Parkinson’s disease is a progressive neurodegenerative disorder affecting nearly one million Americans and approximately 10 million people worldwide.
Parkinson’s is caused by degeneration of dopaminergic neurons which affect motor control and function. In addition to cardinal symptoms such as shaking or tremors, bradykinesia (slow movement), and rigidity, dopamine loss also commonly leads to additional non-motor symptoms, including cognitive impairment, mood, and behavioral changes.
Parkinson’s is typically first diagnosed after age 60. Only ~10% of patients experience first symptoms before the age of 50. Approximately 60,000 new cases are diagnosed each year in the U.S. alone.
Current treatments provide symptomatic relief, but none modify the underlying progression of the disease. Around 50% of Parkinson’s patients stop responding adequately to oral dopaminergic therapies within five years of diagnosis, leading to significant deterioration of motor symptoms and a poor quality of life. Deep brain stimulation (DBS) is the established standard of care for patients no longer responding to oral therapies, however, while effective in controlling motor symptom, the treatment is invasive and carries safety concerns.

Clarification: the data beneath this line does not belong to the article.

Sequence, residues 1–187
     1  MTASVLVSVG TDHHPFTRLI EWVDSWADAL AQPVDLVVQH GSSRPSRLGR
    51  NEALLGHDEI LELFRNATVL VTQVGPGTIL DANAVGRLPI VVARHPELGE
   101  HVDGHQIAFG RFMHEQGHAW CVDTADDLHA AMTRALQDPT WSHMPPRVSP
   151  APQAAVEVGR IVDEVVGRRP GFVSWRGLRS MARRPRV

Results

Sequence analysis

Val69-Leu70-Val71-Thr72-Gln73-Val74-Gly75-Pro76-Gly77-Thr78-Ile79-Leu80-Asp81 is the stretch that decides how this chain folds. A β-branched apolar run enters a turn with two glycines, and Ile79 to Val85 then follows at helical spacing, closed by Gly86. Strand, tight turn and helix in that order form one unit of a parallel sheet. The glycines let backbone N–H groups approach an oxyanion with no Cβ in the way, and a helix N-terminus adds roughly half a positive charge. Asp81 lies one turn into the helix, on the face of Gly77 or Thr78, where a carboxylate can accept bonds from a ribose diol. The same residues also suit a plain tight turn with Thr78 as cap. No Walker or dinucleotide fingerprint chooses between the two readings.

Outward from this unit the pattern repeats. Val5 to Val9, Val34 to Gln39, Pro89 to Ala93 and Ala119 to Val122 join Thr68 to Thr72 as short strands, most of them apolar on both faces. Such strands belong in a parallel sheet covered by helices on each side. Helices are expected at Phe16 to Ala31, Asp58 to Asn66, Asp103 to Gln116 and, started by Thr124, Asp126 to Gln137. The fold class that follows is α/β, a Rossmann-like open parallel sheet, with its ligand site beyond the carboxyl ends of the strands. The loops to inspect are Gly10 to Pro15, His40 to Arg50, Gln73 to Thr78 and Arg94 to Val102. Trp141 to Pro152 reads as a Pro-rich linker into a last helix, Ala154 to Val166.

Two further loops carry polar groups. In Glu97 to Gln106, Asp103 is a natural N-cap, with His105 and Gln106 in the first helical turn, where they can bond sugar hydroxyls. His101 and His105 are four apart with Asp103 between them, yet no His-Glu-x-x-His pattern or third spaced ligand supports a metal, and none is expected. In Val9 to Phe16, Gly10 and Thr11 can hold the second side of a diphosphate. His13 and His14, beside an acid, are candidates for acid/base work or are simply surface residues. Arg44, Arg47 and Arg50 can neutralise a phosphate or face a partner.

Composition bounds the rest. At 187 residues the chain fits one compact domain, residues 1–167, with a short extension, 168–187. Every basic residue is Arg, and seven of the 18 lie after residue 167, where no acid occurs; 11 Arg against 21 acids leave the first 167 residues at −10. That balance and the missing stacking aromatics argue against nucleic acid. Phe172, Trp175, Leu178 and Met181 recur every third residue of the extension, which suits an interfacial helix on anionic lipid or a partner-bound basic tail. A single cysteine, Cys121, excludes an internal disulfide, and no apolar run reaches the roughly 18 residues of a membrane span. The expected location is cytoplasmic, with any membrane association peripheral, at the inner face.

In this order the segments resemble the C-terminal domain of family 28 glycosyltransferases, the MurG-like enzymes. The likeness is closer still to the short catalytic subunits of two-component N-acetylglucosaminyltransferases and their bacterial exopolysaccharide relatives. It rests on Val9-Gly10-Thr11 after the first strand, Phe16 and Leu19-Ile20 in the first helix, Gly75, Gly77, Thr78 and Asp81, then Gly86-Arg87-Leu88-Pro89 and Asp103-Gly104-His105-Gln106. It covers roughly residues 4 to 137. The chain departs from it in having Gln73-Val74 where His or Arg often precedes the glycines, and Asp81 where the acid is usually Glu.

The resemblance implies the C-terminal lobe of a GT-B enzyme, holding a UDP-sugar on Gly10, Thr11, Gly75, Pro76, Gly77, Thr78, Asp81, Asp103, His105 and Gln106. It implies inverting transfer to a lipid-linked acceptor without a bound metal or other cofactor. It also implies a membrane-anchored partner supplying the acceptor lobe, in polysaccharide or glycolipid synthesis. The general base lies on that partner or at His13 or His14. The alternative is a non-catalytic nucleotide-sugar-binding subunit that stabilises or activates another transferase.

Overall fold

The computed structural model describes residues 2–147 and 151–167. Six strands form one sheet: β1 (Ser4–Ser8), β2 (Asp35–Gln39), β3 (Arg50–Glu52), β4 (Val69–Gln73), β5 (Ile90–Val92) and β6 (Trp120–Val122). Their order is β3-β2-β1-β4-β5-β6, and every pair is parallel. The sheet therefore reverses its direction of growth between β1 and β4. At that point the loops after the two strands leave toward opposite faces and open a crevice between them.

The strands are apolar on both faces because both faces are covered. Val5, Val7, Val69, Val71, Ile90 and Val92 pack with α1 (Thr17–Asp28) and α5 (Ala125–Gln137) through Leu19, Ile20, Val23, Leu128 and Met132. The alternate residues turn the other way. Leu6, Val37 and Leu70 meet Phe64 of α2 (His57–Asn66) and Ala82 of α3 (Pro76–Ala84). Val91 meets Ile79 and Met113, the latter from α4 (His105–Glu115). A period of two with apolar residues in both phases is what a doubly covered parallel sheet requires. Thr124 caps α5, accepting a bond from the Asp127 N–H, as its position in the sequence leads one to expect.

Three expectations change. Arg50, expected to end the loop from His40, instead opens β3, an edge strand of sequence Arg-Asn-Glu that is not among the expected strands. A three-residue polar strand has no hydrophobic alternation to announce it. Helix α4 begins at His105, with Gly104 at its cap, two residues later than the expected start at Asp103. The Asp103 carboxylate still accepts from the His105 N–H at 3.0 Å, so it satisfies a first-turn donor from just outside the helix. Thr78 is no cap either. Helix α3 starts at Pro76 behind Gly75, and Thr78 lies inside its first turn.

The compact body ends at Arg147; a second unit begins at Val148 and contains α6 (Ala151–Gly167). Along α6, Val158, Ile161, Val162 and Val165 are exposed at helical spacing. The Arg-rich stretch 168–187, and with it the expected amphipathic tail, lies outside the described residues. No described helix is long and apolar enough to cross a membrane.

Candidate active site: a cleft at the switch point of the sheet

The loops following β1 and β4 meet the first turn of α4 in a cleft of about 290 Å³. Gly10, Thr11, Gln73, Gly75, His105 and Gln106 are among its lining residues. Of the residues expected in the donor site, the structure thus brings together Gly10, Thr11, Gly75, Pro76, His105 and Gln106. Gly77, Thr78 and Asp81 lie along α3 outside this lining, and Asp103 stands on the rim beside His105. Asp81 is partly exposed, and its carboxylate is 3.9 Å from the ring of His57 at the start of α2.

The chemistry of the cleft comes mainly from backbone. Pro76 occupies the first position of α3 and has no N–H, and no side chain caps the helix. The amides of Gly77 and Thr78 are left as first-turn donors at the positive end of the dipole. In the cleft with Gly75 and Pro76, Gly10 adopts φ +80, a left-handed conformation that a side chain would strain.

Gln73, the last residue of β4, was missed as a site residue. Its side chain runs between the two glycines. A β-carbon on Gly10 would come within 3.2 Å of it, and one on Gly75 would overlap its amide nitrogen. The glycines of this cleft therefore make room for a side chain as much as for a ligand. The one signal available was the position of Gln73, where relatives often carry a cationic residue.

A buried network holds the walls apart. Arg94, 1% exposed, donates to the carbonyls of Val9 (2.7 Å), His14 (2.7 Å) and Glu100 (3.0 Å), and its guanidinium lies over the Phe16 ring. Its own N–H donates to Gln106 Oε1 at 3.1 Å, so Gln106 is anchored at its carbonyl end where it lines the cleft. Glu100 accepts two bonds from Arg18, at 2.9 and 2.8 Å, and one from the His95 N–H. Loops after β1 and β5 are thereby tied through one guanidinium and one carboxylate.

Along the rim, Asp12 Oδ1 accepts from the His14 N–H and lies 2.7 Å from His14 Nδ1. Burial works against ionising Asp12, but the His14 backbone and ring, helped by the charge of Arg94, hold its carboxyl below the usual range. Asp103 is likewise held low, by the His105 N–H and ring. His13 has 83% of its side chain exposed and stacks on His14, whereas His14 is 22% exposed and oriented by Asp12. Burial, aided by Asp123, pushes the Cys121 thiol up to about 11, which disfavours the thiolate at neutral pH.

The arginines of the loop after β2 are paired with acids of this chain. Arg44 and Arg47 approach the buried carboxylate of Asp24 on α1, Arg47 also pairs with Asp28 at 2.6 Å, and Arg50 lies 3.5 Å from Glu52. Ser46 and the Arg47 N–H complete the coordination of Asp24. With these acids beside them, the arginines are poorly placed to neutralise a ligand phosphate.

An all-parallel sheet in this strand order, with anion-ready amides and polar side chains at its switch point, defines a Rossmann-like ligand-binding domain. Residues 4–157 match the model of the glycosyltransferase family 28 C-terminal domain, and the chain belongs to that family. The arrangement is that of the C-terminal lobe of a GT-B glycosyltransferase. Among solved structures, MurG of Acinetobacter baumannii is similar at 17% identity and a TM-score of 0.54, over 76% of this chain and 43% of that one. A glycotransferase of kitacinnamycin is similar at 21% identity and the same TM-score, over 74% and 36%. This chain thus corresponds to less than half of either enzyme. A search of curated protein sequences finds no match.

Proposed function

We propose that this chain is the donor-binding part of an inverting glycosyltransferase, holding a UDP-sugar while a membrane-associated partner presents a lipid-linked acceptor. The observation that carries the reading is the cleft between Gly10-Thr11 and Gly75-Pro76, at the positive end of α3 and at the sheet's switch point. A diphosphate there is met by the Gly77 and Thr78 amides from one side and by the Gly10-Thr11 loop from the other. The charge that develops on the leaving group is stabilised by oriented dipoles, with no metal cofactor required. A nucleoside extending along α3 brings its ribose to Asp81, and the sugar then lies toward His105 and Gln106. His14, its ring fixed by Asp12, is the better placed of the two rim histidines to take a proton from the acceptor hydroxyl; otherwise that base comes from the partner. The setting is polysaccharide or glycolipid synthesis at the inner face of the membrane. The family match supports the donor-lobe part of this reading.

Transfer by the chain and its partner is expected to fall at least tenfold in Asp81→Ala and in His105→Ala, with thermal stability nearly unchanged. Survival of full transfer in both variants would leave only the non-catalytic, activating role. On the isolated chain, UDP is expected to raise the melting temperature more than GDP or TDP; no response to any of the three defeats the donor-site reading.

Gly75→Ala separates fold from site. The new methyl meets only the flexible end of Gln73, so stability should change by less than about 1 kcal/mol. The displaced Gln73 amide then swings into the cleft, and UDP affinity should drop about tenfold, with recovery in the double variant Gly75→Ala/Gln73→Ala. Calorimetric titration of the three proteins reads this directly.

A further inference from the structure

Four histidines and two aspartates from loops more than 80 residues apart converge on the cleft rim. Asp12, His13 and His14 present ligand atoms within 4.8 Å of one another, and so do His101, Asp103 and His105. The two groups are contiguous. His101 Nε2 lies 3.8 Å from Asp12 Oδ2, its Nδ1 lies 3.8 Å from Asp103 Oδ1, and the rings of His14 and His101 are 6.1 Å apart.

We believe gene therapy has the potential to be a safer, less burdensome, and superior treatment option than what is currently available to patients. Learn more about our investigational gene therapy AAV-GAD, a novel, one-time treatment that we believe offers a simpler and safer alternative to current standards of care.